Autistic children at risk of being underestimated: school-based pilot study of a strength-informed assessment.

Courchesne V, Meilleur AA, Poulin-Lord MP, Dawson M, Soulières I - Mol Autism (2015)

RCPM percentile score range distribution for the 30 autistic participants.NE = non-evaluable.
© Copyright Policy - open-access
Related In: Results  -  Collection

License 1 - License 2
Show All Figures
getmorefigures.php?uid=PMC4359559&req=5

Fig3: RCPM percentile score range distribution for the 30 autistic participants.NE = non-evaluable.
Mentions: We obtained scores for 26 of 30 autistic participants, or 87% of the sample. Scores ranged from the 2nd percentile (estimated; see [17]) to the 90th percentile, with an N = 26 group percentile of 13, which corresponds to a mean IQ of approximately 83. Seventeen (65%) of the 26 children with RCPM scores performed in the normal range, that is, at or above the 5th percentile, or an estimated IQ of 75 or higher. Eight autistic children (31% of those with scores) performed at or above the 50th percentile, and three were at the 90th percentile (see Figure 3). For the 26 tested autistic children, mean raw score (out of 36) was 18.61 (SD = 8.00, range 8 to 32).Figure 3

Bottom Line: Autistic performance on RCPM, CEFT, and visual search were correlated.These results indicate that 'minimally verbal' or 'nonverbal' school-aged autistic children may be at risk of being underestimated: they may be wrongly regarded as having little cognitive potential.Our findings support the usefulness of strength-informed approaches to autism and have important implications for the assessment and education of autistic children.

View Article: PubMed Central - PubMed

Affiliation: Rivière-des-prairies Hospital, Centre d'Excellence en Troubles Envahissants du Développement de l'Université de Montréal (CETEDUM), 7070 boulevard Perras, Montréal, QC H1E 1A4 Canada.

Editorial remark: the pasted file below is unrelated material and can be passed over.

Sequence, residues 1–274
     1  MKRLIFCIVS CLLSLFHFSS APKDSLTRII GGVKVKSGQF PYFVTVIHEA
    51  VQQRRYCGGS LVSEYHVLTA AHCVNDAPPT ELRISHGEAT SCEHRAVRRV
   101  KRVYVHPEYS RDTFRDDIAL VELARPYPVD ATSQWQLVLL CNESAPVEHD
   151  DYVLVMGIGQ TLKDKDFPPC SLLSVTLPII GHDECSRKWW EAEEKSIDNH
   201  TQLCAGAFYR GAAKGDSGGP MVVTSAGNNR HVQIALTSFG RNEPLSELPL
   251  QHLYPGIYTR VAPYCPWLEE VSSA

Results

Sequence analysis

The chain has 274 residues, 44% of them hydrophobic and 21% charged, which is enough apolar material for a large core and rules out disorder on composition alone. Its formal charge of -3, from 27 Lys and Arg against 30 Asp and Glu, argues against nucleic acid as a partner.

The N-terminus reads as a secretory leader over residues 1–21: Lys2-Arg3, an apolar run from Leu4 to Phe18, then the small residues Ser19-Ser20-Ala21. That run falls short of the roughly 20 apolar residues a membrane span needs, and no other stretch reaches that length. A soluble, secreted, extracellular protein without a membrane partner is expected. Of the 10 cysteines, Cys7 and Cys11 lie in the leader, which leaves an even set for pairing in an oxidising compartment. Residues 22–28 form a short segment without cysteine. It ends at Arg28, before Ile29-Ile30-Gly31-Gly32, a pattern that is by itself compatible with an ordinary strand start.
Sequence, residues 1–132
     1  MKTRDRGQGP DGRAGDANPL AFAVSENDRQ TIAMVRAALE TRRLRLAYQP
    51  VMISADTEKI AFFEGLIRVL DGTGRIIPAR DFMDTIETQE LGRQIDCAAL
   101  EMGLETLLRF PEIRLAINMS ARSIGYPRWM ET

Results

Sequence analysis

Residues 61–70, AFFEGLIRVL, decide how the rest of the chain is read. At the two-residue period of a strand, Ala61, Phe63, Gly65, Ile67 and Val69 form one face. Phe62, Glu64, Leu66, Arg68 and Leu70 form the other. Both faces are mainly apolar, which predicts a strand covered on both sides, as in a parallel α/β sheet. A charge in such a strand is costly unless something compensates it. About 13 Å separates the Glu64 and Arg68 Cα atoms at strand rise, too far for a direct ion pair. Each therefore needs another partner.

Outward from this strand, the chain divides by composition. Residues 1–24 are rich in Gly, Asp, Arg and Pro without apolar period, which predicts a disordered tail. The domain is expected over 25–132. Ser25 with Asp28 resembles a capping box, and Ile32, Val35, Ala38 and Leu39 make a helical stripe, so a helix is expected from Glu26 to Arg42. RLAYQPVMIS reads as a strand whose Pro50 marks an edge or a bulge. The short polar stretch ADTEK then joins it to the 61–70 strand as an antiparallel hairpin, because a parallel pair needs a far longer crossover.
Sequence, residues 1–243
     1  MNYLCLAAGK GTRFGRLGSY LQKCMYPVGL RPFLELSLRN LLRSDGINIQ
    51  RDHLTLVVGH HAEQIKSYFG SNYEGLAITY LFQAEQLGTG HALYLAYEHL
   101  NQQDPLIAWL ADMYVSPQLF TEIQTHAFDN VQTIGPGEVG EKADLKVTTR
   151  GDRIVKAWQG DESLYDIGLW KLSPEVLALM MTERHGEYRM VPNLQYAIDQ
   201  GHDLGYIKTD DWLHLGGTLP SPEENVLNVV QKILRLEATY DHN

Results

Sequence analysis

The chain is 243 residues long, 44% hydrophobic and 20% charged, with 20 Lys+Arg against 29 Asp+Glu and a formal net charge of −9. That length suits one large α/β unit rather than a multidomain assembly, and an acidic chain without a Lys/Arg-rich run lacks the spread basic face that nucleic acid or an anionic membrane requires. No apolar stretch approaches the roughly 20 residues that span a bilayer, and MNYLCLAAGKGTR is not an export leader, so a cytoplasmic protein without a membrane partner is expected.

ABSTRACT

Background: An important minority of school-aged autistic children, often characterized as 'nonverbal' or 'minimally verbal,' displays little or no spoken language. These children are at risk of being judged 'low-functioning' or 'untestable' via conventional cognitive testing practices. One neglected avenue for assessing autistic children so situated is to engage current knowledge of autistic cognitive strengths. Our aim was thus to pilot a strength-informed assessment of autistic children whose poor performance on conventional instruments suggests their cognitive potential is very limited.

Methods: Thirty autistic children (6 to 12 years) with little or no spoken language, attending specialized schools for autistic children with the highest levels of impairment, were assessed using Wechsler Intelligence Scale for Children (WISC-IV), Raven's Colored Progressive Matrices board form (RCPM), Children's Embedded Figures Test (CEFT), and a visual search task. An age-matched control group of 27 typical children was also assessed.

Results: None of the autistic children could complete WISC-IV; only six completed any subtest. In contrast, 26 autistic children could complete RCPM, with 17 scoring between the 5th and 90th percentile. Twenty-seven autistic children completed the visual search task, while 26 completed CEFT, on which autistic children were faster than RCPM-matched typical children. Autistic performance on RCPM, CEFT, and visual search were correlated.

Conclusion: These results indicate that 'minimally verbal' or 'nonverbal' school-aged autistic children may be at risk of being underestimated: they may be wrongly regarded as having little cognitive potential. Our findings support the usefulness of strength-informed approaches to autism and have important implications for the assessment and education of autistic children.

No MeSH data available.


Related in: MedlinePlus